Step 1: Establish the Goal / Relationship
This is where the adviser introduces himself or herself and typically explains the financial planning process to a client or prospective client. The adviser may ask open-ended questions to uncover anything and everything from immediate financial goals to feelings about market risk to dreams about retiring in the Caribbean.
- What are your feelings about investing in the stock market? Why do you think you feel that way?
- What are some of your earliest memories and resulting experiences of financial planning (i.e., first savings account, first checking account, and first credit card)
- What are your financial strengths? What are your financial weaknesses?
- How do you plan to save enough for retirement?
Now you have an idea of your financial goal–the guiding philosophy to direct investment objectives, cash management, insurance needs, and other financial instruments to help achieve your goals.
Step 2: Gather the Relevant Data
This step is where the information required to make recommendations for the appropriate strategies and financial products to reach your goals is gathered. For example, what is your time horizon? Do you want to accomplish this goal in five years, 10 years, 20 years, or 30 years? What is your risk tolerance? Are you willing to accept a high relative market risk to achieve your investment goals, or will a conservative portfolio be a better option for you? Also, how far along are you in your goals? Do you have any money saved yet? Do you have life insurance? Do you have a will? Do you have children? If so, what are their ages?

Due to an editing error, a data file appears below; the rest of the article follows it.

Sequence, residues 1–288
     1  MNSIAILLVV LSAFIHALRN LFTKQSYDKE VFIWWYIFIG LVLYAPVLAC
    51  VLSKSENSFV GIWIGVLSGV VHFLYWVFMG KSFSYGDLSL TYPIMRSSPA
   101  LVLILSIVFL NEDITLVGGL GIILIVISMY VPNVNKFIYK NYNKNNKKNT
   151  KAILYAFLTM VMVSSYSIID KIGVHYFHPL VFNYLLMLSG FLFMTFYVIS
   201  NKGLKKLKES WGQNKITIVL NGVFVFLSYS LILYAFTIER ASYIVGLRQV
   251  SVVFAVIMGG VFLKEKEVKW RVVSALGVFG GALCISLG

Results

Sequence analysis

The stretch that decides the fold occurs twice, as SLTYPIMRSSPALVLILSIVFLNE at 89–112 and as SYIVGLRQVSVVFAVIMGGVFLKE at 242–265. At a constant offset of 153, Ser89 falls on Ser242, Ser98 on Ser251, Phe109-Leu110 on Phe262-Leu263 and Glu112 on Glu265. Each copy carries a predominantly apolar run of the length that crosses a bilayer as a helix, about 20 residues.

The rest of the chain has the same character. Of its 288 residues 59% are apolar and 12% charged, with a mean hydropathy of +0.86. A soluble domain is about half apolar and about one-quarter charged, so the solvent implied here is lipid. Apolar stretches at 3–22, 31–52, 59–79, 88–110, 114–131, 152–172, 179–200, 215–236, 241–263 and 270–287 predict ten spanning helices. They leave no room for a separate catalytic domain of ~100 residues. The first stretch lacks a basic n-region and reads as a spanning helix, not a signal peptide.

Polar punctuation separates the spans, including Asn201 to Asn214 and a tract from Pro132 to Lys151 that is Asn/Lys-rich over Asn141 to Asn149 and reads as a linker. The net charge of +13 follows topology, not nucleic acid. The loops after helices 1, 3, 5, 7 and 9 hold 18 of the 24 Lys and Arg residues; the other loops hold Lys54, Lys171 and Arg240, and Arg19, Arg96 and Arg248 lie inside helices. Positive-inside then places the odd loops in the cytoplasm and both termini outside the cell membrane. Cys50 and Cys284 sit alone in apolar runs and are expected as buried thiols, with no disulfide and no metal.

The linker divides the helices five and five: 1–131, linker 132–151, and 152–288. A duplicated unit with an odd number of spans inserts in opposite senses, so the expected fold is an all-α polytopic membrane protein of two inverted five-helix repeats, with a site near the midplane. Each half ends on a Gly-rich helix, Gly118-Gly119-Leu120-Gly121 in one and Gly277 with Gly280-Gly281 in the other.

Step 3: Analyze the Data
You’ve gathered the relevant data, now analyze it! Following the retirement planning example, the data you’ve gathered can help you arrive at some basic assumptions. Let’s assume you have 30 years until retirement, you’ve already saved $50,000, you expect an 8.00% return on your investments, and you can save $250 per month going forward.
Step 4: Develop the Plan
Let’s say you need $1 million to reach your goal. The previous assumptions (in Step 3: Analyze the Data) brought you just $100,000 short at around $900,000. If you can handle taking more market risk, you could increase your exposure to stocks in an aggressive portfolio of mutual funds and assume a 9.00% rate of return. Assuming all other assumptions remain the same, and by increasing your expected return by 1.00%, your 30-year time horizon, and savings rates would bring you to a nest egg worth nearly $1.2 million!
Step 5: Implement the Plan
Now you simply put your plan to work! But as simple as this sounds, many people find that implementation is the most difficult step in financial planning. Although you have the plan developed, it takes discipline and desire to put it into action. Saving $250 or $300 per month may be difficult. You may begin to wonder what may happen if you fail. This is where inaction grows into procrastination. Successful investors will tell you that just getting started is the most important aspect of success.
Step 6: Monitor the Plan
It’s called “financial planning” for a reason: Plans evolve and change just like life. Once the plan is created, it’s essentially a piece of history. This is why the plan needs to be monitored and tweaked from time to time. Think of what can change in your life, such as marriage, the birth of children, career changes and more. These events all require new perspectives on life and finance. Now think of financial changes beyond your control, such as tax law changes, interest rates, inflation rates, stock market fluctuations, and economic recessions.